Nearly every minute, a woman dies from heart disease in the United States – it is the number one killer of women, causing one in three deaths each year, according to the American Heart Association (AHA).
When it comes to heart disease, women experience unique causes, symptoms and outcomes compared to men.
In addition, certain conditions appear to increase heart disease risk in women, including pre-eclampsia and eclampsia, gestational diabetes, migraine headaches with aura, early onset menopause and autoimmune diseases such as lupus and rheumatoid arthritis.
Researchers say more work needs to be done. Here’s why:
Women are more likely to die from heart disease than men, according to the AHA.
Despite outreach efforts, a Women’s Heart Alliance survey of more than 1,000 women between 25 and 60 years of age found that 45 percent of women still don’t know that heart disease is the leading cause of death for women in the United States.
Women are less inclined to call 911 when they believe they may be experiencing heart attack symptoms.
Cardiovascular disease complicates up to four percent of pregnancies, and that number has been increasing.
Women’s heart attack symptoms are often different from men’s. They may experience shortness of breath, nausea, palpitations, jaw discomfort or overwhelming fatigue, according to the AHA.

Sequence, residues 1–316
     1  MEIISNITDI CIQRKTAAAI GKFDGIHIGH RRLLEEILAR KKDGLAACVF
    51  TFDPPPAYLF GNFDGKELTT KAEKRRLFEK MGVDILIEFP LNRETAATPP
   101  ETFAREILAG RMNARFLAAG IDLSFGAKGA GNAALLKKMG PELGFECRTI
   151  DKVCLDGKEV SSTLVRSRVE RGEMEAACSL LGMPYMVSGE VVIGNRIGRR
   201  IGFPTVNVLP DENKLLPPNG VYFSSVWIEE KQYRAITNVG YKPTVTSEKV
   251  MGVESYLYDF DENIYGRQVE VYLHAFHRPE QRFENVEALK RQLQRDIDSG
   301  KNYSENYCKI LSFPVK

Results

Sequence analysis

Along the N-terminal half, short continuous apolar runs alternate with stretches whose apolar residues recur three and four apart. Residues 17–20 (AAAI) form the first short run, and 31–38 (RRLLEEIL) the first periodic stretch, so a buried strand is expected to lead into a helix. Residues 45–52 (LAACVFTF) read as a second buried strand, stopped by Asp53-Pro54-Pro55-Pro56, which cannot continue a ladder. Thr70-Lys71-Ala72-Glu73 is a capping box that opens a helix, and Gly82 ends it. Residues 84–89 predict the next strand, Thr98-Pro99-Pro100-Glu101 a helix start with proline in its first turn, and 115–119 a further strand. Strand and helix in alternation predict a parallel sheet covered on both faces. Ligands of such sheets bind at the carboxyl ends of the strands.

Women are less likely to be referred for cardiac rehab after a heart attack.
Women’s heart disease is under-researched: only 35 percent of participants in clinical trials of cardiovascular disease are women, and just 31 percent of the studies report outcomes by gender.
Pre-eclampsia is an independent predictor of developing cardiovascular disease later in life. Women who have had pre-eclampsia should be mindful of having their blood pressure, fasting glucose and cholesterol checked annually.
Women are less likely to receive bystander CPR in public than men (45 percent in men versus 39 percent in women). Learning Hands-Only CPR can help save a life.
Recent blood pressure guidelines from the American College of Cardiology recommend all people to have a blood pressure target of 120/80 or lower. Additionally, after the age of 65, hypertension (high blood pressure) is more common in women.
Stay up-to-date on your annual physical and have your doctor check your blood pressure and other cardiovascular disease risk factors.